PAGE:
Early Spring in the Barn


| 4/1/2019 9:48:00 AM


Kara with her first sheep

Kara with her first two sheep, Sweet and Heart.  Photo by Ann Berlage 

As we continue to celebrate our barn turning 100 this year, it’s interesting to recount how the structure has been utilized over the years, including today. 

With the Fullingtons (who were the original homesteaders of the farm, starting in 1915), the Gambrel center sported a large open door on the barnyard side.  A track still runs in the peak of the roof, which held the massive hay hooks that ran along it, dropping down outside to grab loads of harvested loose hay to drag back inside and store for the winter.  This meant that the main part of the barn served as, essentially, a covered haystack with a grain bin in the front part of the ground level.

The attached shed wings on either side of the barn had long, hinged doors that conveniently swung upward so the farmer could stand in the center part of the barn and fork hay to the livestock in either wing.  Draft horses (an important part of the stump-removal team) were housed in the southern wing, while the northern side was home to Jersey dairy cows.  The cow wing included wooden stanchions scrawled with the names of the animals that sheltered there.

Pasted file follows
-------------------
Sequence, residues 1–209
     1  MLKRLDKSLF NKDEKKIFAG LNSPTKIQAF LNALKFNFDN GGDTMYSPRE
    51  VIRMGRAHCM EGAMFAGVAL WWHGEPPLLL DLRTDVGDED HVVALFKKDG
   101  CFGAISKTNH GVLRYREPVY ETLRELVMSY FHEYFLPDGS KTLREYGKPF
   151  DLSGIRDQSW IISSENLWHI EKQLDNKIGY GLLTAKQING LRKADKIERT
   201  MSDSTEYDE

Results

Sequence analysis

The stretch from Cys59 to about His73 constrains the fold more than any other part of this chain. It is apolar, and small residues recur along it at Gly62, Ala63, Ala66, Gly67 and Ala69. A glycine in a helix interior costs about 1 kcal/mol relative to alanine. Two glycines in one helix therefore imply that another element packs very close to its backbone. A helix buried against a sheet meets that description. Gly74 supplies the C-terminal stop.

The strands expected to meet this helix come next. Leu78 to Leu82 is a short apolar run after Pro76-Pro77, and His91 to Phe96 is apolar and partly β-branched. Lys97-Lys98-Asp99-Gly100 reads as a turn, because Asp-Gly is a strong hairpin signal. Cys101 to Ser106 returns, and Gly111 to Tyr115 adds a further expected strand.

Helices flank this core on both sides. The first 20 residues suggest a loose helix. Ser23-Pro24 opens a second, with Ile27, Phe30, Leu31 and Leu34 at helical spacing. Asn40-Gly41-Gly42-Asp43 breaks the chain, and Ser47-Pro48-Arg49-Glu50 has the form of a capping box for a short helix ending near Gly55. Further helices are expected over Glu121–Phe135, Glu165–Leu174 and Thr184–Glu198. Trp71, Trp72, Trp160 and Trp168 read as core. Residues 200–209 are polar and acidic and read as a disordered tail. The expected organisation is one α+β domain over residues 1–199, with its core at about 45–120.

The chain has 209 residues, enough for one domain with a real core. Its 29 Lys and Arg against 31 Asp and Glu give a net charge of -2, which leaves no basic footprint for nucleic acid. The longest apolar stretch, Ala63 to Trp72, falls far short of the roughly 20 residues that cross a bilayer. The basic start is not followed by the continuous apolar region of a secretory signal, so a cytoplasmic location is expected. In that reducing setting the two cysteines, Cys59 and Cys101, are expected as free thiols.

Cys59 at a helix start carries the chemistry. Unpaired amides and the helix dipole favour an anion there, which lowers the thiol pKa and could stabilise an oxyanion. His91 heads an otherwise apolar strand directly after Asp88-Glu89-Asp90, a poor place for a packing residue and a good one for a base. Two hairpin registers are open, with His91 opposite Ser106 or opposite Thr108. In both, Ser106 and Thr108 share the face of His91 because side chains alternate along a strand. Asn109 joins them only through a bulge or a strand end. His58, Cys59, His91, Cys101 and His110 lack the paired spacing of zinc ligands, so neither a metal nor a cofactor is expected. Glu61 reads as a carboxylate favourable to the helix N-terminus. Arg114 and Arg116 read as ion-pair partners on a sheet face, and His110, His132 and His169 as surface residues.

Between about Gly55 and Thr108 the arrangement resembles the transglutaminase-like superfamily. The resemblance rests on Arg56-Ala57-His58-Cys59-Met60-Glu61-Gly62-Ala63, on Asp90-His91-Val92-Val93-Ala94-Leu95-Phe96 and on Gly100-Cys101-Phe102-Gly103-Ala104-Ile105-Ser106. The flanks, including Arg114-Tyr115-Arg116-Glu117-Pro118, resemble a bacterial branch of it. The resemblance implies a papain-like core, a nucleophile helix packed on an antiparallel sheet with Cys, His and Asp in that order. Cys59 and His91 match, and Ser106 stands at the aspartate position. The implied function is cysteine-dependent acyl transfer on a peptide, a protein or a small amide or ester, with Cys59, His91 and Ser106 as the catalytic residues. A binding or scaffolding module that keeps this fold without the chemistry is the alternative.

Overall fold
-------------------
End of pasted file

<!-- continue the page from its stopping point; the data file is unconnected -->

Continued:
But the cows and horses were long gone when Grandma and Grandpa purchased the farm in 1968.  The fields were then hayed by Jess Ross, who stored some of the crop in the barn.  Haying technology was changing, and square bales, which were fed into the mow with an elevator, replaced the need for the hay hooks.  We still use that rickety elevator, patched up over the years for the once-or-twice-a-season need to reach the mow with second-crop square bales.





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